In 2018, China entered a new ‘phase’ in its militarization of the South China Sea, including the Spratlys in the West Philippine Sea, says AMTI director Gregory Poling
MANILA, Philippines – The year 2018 saw China enter into a new phase in its militarization of artificial islands in the South China Sea – the increased deployment of military vessels and equipment.
This is according to Gregory Poling, director of the Asia Maritime Transparency Initiative (AMTI) of the Center for Strategic and International Studies (CSIS), a think tank based in Washington DC.
AMTI is the group that regularly publishes satellite images of the South China Sea.
Poling made this argument on December 7 at a forum organized by Stratbase and the Albert del Rosario Institute.
“The fact that by the end of last year (2017), we suddenly had effectively operational air and naval bases should be concerning. What should be more concerning is that 2018 has now become phase 3, which is deployments,” he said.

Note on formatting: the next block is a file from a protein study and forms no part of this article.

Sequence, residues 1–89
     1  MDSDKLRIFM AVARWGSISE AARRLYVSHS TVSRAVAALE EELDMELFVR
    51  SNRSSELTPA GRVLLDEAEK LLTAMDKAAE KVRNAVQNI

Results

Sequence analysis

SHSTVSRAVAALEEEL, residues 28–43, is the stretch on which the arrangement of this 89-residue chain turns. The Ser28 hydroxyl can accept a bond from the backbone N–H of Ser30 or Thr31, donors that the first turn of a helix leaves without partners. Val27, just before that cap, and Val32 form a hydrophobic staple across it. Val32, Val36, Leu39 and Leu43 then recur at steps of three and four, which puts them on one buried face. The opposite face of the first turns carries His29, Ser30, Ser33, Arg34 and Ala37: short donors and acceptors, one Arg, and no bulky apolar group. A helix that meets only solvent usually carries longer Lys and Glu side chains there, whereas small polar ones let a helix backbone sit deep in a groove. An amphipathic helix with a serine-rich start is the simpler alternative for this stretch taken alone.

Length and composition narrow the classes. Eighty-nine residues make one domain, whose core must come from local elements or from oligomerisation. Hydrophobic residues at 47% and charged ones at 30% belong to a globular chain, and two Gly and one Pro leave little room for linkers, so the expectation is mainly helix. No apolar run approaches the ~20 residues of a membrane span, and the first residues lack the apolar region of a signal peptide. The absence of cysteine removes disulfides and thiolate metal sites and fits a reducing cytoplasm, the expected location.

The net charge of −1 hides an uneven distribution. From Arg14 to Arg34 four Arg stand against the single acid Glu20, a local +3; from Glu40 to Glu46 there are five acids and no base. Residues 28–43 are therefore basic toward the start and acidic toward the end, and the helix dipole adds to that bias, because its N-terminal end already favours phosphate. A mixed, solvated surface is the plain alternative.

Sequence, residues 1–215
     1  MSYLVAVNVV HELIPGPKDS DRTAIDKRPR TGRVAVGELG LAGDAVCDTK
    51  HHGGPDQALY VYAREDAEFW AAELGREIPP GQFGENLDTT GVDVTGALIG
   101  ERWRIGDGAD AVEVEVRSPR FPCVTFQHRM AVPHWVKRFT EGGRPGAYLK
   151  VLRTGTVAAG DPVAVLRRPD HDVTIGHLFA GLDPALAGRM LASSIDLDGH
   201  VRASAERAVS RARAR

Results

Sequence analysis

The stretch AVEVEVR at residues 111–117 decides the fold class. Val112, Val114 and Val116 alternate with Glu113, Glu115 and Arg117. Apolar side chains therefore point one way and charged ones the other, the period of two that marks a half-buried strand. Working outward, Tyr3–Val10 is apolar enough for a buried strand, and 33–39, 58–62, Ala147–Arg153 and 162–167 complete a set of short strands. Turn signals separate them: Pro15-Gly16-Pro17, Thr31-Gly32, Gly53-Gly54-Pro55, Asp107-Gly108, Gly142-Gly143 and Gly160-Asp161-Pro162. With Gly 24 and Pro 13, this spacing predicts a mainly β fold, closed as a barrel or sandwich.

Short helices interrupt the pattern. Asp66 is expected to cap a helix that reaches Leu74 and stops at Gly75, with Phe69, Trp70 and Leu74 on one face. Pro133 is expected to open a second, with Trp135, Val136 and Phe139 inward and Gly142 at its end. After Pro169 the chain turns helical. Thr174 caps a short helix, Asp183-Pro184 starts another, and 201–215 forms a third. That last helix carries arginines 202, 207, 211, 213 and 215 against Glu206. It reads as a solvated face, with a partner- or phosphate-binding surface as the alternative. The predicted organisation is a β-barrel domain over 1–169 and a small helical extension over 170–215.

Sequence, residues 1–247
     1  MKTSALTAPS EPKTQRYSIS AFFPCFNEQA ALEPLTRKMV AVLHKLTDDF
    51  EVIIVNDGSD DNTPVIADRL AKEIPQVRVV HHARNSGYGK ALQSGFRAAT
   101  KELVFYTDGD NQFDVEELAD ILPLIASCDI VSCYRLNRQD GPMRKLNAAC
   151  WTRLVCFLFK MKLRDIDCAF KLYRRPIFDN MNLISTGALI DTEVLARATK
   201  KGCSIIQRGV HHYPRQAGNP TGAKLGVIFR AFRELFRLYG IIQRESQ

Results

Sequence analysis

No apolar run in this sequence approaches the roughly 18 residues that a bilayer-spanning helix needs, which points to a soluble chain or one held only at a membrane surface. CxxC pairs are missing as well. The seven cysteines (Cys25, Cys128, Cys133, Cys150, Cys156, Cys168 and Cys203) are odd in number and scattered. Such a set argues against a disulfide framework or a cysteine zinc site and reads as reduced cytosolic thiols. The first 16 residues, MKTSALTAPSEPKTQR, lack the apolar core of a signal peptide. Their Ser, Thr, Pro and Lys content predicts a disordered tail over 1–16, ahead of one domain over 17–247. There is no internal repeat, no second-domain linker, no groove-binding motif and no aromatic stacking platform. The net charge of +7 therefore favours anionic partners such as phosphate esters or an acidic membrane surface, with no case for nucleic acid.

“Over the first 6 months of the year, certainly there was a steady, pretty rapid increase in the level of Chinese military deployments that was well covered in the press here and in Washington,” he continued.
In his presentation, he cited deployments of military planes and missiles to reefs in the Spratly Islands – including Subi Reef (Zamora Reef), Mischief Reef (Panganiban Reef), and Fiery Cross Reef (Kagitingan Reef).
These 3 reefs have been transformed into islands by China through reclamation.
They are located in the Spratly Islands, found in the West Philippine Sea, the part of the South China Sea that is within the Philippines’ exclusive economic zone.
Yet China continues to control them as part of its expansive claim to virtually the entire South China Sea using its “9-dash line.” This 9-dash line was struck as invalid by a 2016 international ruling after Manila took China to court.